Lack of leather quality or a product defect? Unfortunately, it is not always clear.
Customers are often left to face their problems alone. The producer states "incorrect care or cleaning" and the manufacturers of care products in turn blame the leather manufacturers.
Different leather care products
- Leather lotion: A leather lotion is usually a low-viscosity emulsion of water and fats/oils/wax and can be easily applied to the leather with a soft cloth. A lotion can additionally have UV filters against fading and antioxidants to keep the leather from ageing too quickly.
- Leather Cream: Compared to leather milk, the leather cream has a higher viscosity. However, it is also an emulsion. Its effect is comparable to the maintenance with leather lotion. A leather lotion penetrates deeper into the leather structure as it is thinner. A leather cream is typical for shoes, as the product should remain on the surface to waterproof and to create the desired gloss.
- Dubbin: Fats or grease-based products (like Vaseline or based on animal fats) are especially used for shoe care or saddle care. They provide a strong water-repellent (hydrophobic) and moisturising effect. However, they are only suitable for pigmented or surface-coloured leather. If used on porous leather (suede, nubuck, aniline leather), they can cause stains that may be impossible to remove. Depending on the temperature, they are available either as a hard wax or slightly creamy/gel. Due to strong moisturising properties, leather fats are recommended preferably for outdoor leather and only partly in the vehicle or the furniture sector, especially for older and dry leather with gloss.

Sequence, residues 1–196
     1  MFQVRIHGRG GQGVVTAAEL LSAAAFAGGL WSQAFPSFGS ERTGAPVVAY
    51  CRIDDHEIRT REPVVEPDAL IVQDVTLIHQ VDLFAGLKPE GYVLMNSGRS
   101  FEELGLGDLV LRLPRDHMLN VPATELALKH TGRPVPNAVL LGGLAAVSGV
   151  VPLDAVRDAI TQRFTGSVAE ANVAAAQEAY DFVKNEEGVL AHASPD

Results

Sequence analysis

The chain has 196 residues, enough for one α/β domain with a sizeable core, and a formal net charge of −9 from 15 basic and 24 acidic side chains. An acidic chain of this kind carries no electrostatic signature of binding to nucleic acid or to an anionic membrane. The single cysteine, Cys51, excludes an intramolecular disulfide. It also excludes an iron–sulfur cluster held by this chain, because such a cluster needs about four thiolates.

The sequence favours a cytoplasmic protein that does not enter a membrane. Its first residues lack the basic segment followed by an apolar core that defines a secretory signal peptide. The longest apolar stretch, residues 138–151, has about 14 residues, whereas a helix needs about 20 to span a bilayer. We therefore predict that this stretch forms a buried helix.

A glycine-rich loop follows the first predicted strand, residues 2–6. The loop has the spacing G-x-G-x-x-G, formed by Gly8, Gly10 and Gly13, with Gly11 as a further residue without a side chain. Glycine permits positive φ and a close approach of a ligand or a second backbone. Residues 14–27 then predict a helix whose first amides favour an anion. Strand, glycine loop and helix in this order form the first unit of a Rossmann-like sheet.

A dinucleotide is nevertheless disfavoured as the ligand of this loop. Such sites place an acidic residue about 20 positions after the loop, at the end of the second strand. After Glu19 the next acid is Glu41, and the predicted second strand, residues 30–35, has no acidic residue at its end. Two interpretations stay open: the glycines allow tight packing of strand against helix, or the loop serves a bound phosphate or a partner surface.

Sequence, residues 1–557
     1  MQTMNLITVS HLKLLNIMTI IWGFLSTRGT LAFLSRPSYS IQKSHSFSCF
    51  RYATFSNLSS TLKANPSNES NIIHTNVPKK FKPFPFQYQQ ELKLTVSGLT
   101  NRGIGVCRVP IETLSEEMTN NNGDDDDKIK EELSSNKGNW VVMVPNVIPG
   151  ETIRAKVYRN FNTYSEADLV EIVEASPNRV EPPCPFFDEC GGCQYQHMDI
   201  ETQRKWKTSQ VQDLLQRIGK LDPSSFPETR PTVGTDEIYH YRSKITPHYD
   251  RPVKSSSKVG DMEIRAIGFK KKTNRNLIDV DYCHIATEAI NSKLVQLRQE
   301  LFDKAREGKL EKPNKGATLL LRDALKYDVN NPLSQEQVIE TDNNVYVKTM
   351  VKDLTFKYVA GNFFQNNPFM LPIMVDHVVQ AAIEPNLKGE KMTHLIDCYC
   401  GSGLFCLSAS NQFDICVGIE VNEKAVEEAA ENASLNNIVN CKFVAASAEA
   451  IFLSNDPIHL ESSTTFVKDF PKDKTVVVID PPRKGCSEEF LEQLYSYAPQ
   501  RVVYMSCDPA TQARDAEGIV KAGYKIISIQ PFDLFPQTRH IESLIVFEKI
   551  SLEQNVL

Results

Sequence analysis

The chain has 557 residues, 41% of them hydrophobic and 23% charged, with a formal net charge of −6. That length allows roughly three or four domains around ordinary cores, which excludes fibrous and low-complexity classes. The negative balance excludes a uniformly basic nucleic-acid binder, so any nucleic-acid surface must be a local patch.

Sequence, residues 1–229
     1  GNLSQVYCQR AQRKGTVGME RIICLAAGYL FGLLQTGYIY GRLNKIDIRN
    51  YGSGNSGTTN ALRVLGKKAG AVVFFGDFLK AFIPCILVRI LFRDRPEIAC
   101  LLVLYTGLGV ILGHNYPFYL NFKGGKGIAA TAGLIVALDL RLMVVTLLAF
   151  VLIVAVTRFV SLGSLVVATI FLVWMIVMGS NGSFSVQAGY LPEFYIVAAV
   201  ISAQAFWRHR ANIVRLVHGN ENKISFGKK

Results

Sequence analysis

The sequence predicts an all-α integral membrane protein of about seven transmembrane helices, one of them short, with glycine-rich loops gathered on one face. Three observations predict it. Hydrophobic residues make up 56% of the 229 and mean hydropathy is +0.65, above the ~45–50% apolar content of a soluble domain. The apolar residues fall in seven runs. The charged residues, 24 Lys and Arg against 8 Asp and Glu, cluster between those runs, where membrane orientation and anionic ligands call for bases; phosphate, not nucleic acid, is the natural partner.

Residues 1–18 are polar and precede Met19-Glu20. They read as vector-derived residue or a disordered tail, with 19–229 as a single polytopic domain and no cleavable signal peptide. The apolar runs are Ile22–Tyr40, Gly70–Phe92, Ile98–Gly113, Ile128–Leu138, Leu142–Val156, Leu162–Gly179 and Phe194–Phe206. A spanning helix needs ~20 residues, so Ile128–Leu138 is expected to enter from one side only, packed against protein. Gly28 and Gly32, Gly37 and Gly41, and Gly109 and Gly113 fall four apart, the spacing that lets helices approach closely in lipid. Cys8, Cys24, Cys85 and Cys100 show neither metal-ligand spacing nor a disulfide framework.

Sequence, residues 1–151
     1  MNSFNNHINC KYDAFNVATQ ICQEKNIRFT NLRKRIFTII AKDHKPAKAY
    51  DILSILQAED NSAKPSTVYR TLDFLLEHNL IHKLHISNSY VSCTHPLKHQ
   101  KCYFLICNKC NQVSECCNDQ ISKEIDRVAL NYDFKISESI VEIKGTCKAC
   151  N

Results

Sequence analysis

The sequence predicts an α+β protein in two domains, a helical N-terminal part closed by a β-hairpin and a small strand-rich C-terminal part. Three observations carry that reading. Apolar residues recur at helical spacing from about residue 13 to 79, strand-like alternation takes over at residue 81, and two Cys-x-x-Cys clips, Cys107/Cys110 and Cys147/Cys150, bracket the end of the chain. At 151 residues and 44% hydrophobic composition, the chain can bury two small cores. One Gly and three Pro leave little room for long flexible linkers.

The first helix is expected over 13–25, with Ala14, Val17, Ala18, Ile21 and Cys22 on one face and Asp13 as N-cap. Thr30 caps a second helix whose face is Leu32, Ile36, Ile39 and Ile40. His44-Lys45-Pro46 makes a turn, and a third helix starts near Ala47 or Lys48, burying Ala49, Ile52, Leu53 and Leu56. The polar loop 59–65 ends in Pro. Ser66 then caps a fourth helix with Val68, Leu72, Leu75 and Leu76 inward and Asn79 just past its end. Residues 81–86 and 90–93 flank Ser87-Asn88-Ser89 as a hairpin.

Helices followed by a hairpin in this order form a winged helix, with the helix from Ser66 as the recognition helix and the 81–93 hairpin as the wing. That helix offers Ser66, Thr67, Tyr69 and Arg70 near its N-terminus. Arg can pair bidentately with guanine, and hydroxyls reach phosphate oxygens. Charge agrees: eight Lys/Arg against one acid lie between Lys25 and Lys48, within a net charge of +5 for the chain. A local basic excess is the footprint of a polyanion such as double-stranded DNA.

- Leather oil: Hardened and dry leather needs a stronger dose of moistening. Leather oil is liquid and therefore penetrates well into leather. But also, be careful with porous leather. Oils also cause stains on such leather types.
- Waterproofing: Frequently waterproofing is assimilated with "Leather Care". But waterproofing products only offer one function: to increase the water resistance. Therefore, only a waterproofing protection can never be assumed to be sufficient in the long run. The leather would otherwise still become dry and brittle over time.
Waterproofing is never a complete protection for sensitive leathers!
- Saddle soap: Saddle soap is an alkaline soap, which has been used historically for cleaning saddles, leather straps and similar articles. Alkaline soaps are not ideal for the cleaning of leather. Leather is produced at the tannery in the acidic range. Modern cleaners take this into consideration and are ideally not strongly alkaline. Saddle soap is available in liquid and solid form.